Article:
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  • Writer's pictureRoger Sims, Journal Staff

Engineer outlines costs, repairs needed for Pleasanton's streets

Updated: Aug 10, 2023

Deteriorated streets and methods to repair them were outlined by a consulting engineer to the Pleasanton City Council on Monday. (Unsplash stock photo by Matt Hoffman)

By Roger Sims, Journal staff

PLEASANTON – The Pleasanton City Council heard an engineer’s assessment of the city’s streets on Monday, July 10. Neither the council nor those seated in the audience were surprised that the assessment was not good.

In his report, Jason Hoskinson, an engineer with Lawrence-based BG Consultants, noted that a few of the city’s streets had either been gravel or had returned to gravel, and a few streets (most notably Sixth and Main streets) had fair to good pavement that is maintainable.

Most of the streets, however, are in deteriorating or poor condition with chip-and-seal or thin asphalt surfaces with deteriorating edges, potholes, “alligator” cracking, and areas of pavement degrading into gravel, Hoskinson said.

Those conditions and other conditions are an indication that the street is beyond overlay or maintenance, and the best way to fix them is remove pavement down to a solid base and replace the surface.

“Those streets are beyond repair,” Hopkinson said, “they’ve been put off long enough that you’ve got to start over.”

Hoskinson laid out four options the council could choose including doing nothing and allowing for further deterioration, use a thin surface treatment such as chip-and-seal for about $1.5 million. He did not recommend taking either of those routes.

What did get his recommendation was either a full-depth replacement using asphalt on top of a gravel base for an estimated $22 million or a full-depth replacement with reclamation using the usable existing base, filling holes and cementing that together topped with either an 2- to 3-inch thick asphalt surface ($10.5 million) or a double chip-and-seal surface ($5.5 million).

Hoskinson indicated that he favored the asphalt surface. “It would make your streets something to be proud of,” he said.

While his assessment of the condition of the city’s streets would seem to support proponents of the proposed 1% sale tax issue that Pleasanton voters will decide at the polls in November, the consultant said that the city will need more money than that.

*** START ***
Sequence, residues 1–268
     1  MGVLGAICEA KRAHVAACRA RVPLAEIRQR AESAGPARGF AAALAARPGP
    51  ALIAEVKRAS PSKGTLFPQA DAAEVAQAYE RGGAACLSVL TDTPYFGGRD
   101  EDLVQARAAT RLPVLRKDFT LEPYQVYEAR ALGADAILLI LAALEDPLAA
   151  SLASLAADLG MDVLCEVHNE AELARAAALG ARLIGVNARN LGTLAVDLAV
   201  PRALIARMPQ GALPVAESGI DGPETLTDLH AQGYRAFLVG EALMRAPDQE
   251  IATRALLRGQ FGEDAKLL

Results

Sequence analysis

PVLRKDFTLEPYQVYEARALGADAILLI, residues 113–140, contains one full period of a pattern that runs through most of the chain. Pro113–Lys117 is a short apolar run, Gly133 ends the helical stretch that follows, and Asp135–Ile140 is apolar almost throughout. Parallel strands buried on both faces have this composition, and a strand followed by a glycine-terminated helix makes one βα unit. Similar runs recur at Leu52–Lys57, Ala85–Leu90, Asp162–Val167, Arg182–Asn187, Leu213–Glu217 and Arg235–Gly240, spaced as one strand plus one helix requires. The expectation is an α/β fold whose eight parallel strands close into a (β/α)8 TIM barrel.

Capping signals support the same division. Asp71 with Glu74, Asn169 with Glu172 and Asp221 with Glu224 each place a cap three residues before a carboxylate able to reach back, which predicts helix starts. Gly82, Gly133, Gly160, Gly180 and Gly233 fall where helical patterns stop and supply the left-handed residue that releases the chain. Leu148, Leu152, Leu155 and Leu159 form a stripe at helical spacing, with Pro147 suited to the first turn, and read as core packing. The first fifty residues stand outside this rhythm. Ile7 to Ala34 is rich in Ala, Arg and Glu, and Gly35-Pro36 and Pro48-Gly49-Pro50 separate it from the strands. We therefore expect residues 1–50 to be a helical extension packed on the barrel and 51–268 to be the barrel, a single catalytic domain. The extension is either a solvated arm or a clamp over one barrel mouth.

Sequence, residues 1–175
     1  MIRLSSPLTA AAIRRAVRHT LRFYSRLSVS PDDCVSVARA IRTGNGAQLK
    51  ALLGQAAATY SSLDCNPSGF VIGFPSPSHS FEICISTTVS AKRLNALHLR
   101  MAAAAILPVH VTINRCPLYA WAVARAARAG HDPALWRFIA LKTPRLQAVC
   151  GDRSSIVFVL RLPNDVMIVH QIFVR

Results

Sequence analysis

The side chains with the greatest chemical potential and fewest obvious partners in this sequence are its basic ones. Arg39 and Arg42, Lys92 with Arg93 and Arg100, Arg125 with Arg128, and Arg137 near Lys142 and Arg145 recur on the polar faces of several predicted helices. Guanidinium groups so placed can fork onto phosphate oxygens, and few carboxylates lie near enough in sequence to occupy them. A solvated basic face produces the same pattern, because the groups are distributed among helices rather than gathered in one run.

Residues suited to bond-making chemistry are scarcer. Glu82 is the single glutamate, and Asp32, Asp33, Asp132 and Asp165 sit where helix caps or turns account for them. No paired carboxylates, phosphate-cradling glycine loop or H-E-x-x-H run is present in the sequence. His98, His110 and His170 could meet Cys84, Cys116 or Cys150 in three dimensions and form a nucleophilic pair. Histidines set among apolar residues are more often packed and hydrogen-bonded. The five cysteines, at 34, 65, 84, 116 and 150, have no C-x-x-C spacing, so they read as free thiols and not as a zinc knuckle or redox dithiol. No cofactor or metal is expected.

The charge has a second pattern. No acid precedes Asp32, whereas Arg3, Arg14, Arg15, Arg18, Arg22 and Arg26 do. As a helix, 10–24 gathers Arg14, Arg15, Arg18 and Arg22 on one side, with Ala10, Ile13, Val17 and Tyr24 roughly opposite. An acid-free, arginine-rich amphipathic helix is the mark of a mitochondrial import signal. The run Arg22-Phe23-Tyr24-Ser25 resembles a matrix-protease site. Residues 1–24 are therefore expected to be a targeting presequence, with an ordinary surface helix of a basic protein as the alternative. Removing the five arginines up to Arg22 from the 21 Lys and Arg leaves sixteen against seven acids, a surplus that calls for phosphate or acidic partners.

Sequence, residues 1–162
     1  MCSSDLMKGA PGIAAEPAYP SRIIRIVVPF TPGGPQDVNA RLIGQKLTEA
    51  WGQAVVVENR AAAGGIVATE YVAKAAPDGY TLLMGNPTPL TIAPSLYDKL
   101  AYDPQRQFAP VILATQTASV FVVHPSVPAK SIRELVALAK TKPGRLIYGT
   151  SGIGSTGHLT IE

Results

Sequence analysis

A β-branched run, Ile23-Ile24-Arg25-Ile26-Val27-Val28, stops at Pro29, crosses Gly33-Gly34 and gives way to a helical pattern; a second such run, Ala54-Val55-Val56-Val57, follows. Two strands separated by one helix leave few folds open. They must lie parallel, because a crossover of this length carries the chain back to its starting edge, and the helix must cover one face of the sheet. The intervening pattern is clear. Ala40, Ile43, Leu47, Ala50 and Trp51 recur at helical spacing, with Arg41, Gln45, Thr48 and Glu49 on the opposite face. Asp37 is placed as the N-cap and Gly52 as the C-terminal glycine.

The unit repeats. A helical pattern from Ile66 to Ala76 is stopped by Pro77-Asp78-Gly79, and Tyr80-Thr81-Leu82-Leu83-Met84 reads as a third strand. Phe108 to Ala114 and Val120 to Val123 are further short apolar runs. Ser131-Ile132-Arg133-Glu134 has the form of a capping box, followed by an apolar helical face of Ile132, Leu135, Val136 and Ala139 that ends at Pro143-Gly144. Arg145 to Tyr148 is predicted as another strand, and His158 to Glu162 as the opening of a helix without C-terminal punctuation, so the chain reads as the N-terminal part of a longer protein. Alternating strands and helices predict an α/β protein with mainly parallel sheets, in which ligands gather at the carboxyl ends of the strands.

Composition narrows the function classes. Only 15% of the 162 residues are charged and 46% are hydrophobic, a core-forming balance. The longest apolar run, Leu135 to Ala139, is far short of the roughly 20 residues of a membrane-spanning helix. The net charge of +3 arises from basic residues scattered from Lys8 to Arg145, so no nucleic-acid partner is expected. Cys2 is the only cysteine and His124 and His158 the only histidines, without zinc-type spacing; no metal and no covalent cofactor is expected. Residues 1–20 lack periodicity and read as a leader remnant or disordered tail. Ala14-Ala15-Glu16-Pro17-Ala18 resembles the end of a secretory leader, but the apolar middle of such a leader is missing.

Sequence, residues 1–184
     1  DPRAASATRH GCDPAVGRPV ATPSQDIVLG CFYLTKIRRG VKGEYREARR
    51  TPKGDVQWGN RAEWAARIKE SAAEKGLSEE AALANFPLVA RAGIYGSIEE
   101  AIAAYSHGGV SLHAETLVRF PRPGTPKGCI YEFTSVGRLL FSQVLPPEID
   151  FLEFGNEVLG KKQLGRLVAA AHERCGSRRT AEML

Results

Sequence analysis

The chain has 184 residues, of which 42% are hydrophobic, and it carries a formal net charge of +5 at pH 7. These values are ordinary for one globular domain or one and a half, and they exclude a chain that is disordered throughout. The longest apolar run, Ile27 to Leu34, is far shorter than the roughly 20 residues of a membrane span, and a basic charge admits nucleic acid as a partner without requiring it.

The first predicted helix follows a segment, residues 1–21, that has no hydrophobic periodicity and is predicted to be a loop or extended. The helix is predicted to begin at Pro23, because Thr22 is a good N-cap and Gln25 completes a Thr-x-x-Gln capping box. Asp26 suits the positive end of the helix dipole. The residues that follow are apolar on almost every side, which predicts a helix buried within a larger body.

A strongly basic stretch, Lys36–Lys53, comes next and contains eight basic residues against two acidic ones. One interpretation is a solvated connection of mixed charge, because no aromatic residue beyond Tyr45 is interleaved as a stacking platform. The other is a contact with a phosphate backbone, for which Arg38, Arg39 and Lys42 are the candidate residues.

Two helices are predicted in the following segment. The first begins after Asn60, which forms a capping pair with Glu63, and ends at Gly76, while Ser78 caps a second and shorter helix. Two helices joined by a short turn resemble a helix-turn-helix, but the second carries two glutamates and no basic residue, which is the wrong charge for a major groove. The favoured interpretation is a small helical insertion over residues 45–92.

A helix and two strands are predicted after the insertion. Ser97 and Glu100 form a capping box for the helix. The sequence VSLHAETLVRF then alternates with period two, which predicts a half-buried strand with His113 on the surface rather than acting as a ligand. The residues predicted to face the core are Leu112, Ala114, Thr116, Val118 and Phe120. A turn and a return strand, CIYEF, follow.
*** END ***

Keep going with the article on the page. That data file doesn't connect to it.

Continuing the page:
A one-cent sales tax would pay principal and interest on a $4 million bond on 4% interest over 20 years. He suggested that there might be some grant money available through the U.S. Department of Agriculture (USDA) as well. He also suggested that the Kansas Department of Transportation might also have a cost-share that could apply.

In describing a timeline for the a major street repair-replacement program he suggested that after determining which streets needed to be prioritized, city officials needed to determine which improvement options would work in different areas and then secure funding.

If approved by voters, the proposed new city sales tax would not generate any income until April 2024 and is expected by city officials to generate about $300,000 a year. According to the ballot question, the money would only be used for city streets or to purchase equipment that would be used to maintain city streets.

A public discussion period following Hoskinson’s presentation dealt mostly with questions for him.

Angie Randall, who is running to fill an open council seat in November, asked what repairs would be necessary for Main Street. During a town hall meeting in June, Randall said that while the additional sales tax was regrettable, the city needed it to insure that enough was being done to address the problem.

Hoskinson said that Main Street only needed to be milled down and an asphalt overlay applied to it.

Chris Martin, who is also running for a council seat, asked what streets would be given priority in an upgrade plan.

City officials released a plan in the spring that gave some detail as to which streets would receive priority.

Public Works supervisor Joey Morrison said that streets leading to the schools and to U.S. Highway 69 should be given top priority because they were the most used and in the worst shape of all of the city streets.

But Morrisey also told the council that his crews didn’t have all the equipment they needed to do much of the road work. He said some of that equipment would only be needed occasionally and it might be best to hire a subcontractor for those items.

Resident Jack Emerson asked what the city intended to do about drainage issues where rainwater would collect alongside the streets and undermine the base.

The engineer said that making sure water drained away from the streets was critical, and some but not all of those instances were included in his cost estimates.

But Morrisey point out that solving all of Pleasanton’s storm drainage problems would be a long process that would require extensive work. He added that his crew didn’t have the equipment to efficiently work on those issues.

Hoskinson said that while a major street restoration project could be under way as soon as next year, adding the USDA into the financing mix could mean the project could take two years or longer before any work could begin.

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